Who doesn’t love the taste of butter? Whether used in frying or spread on bread, butter is delicious! However, your body may not agree. Did you know that oil is a healthy alternative to butter and even vegetable shortening? Replacing animal fats, such as butter, with vegetable oils can help reduce your risk of chronic diseases by lowering cholesterol and the amount of inflammation in your body. But, with so many different oils on the market, choosing a healthy one can be confusing.
Selecting an Oil
When choosing an oil pay attention to how it was pressed or extracted. Oil that is “expeller pressed” is mechanically extracted from the seeds and nuts without the use of chemicals. In contrast, hexane-extraction uses chemicals to separate the oil from the seeds and nuts. “Cold press” has received a lot of attention in recent years. Oil that is cold pressed is really expeller pressed in an environment where the temperature is kept below 120°F. Choose oils that are cold pressed because the structures of the fats are better maintained.
Refining is another major concern when selecting oils. After pressing, an unrefined oil is left in its virgin state. Thus, unrefined oils tend to be richer in both flavor and nutrients than refined oils. For example, you can taste a peppery flavor from unrefined olive oil that comes from antioxidant-rich polyphenols. These antioxidants largely are destroyed during the refining process due to heat. During refining, oil can reach temperatures up to 470°F. The down side to unrefined oils is a lower smoke point than refined oils.
The smoke point also is very important. The smoke point is the temperature at which the oil begins to smoke or break down and become rancid. Oil with a high smoke point can theoretically withstand high temperatures. This is useful when sautéing, pan frying or deep frying. In general, vegetable oils have higher smoke points than animal-based fats like butter or lard. The exception is olive oil, which has a relatively lower smoke point.
The nutrient quality of oil also is important. Vegetable oils, which are derived from grains, seeds, and nuts, tend to contain healthy fats including monounsaturated and polyunsaturated fats. These fats can help improve cholesterol and lower inflammation throughout your body, which can help stave off numerous diseases. In contrast, animal fats contain more saturated fats, which are associated with chronic diseases like diabetes and heart disease.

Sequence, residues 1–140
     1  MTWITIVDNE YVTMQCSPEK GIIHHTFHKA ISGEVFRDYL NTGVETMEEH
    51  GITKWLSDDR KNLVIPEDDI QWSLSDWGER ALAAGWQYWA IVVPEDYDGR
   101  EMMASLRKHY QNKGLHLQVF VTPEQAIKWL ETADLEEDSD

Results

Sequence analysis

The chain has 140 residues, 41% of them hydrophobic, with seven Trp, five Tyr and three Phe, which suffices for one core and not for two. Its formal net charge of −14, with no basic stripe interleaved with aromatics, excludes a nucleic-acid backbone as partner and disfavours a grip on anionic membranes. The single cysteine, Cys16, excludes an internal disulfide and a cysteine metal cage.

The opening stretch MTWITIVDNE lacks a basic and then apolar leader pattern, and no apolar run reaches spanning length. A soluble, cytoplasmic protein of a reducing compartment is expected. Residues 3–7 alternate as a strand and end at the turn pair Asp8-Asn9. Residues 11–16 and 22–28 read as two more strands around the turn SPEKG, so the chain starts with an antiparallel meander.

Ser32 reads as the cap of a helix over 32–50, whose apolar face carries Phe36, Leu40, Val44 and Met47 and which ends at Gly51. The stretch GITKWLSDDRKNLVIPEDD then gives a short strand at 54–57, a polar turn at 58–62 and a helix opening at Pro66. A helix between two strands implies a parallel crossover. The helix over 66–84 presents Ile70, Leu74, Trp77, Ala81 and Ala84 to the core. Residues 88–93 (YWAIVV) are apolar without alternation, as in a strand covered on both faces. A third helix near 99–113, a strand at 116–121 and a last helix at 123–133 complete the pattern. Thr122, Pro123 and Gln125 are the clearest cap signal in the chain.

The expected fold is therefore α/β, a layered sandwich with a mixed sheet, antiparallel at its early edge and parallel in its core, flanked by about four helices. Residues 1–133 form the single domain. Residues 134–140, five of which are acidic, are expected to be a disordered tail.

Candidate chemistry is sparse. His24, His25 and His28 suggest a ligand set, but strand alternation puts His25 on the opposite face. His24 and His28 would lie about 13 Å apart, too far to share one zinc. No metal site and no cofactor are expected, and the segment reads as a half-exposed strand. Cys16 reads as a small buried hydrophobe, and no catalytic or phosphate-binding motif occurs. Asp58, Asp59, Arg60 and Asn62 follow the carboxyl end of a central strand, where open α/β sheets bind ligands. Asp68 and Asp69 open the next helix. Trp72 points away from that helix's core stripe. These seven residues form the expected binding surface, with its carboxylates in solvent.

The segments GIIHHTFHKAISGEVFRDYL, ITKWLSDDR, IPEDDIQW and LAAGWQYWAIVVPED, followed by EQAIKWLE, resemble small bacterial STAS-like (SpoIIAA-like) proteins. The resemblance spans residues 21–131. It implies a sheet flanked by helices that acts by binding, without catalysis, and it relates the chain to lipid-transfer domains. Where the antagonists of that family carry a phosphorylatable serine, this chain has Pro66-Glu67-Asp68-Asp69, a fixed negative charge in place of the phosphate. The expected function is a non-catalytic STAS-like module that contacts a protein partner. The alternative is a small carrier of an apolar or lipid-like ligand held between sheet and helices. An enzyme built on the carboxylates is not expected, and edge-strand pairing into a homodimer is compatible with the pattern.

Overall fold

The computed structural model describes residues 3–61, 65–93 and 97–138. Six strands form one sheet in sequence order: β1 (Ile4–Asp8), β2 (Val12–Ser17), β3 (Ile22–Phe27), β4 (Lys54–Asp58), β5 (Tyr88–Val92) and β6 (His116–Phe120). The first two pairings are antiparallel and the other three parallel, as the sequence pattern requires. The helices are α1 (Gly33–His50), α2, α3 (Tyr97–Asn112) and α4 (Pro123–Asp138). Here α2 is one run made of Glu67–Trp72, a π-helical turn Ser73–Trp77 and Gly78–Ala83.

There is controversy over whether the nutrient quality of oil is maintained when cooking at higher temperatures. Monounsaturated and polyunsaturated fats, in particular, are easily damaged by heat as well as light and oxygen. Thus, in contrast with what many product labels claim about their oils, some nutritionists believe that these delicate fats begin to break down and become rancid well before the smoke point of the oil is reached. If that happens, the oil becomes detrimental to your health. Therefore, if the oil is high in polyunsaturated fat then I do not heat it. This means I do not cook with corn, safflower, flax, walnut, hazelnut, pine nut, pumpkin, grapeseed, and some sunflower oils. Instead, I use these oils in salad dressings, for dipping bread, and directly on pasta. For light, lower heat sautéing and baking I use olive oil, which is high in monounsaturated fats. It does have a strong flavor so I use olive oil when baking brownies and cakes, which mask the flavor well. Plus, you won’t feel as guilty eating that second brownie! When cooking at higher temperatures, such as higher heat sautéing or frying, I use saturated fats including coconut oil and palm oil.
Grapeseed Oil Vinaigrette
1 Tbsp. grapeseed oil
3 Tbsp. pomegranate balsamic vinegar
1 Tbsp. lemon juice (optional)
Salt and pepper to taste
Combine all ingredients and mix well.
Dr. Sina McCullough has a PhD in Nutrition and Exercise from the University of California at Davis. She is a freelance writer and nutrition consultant (www.personalizeyourdiet.com).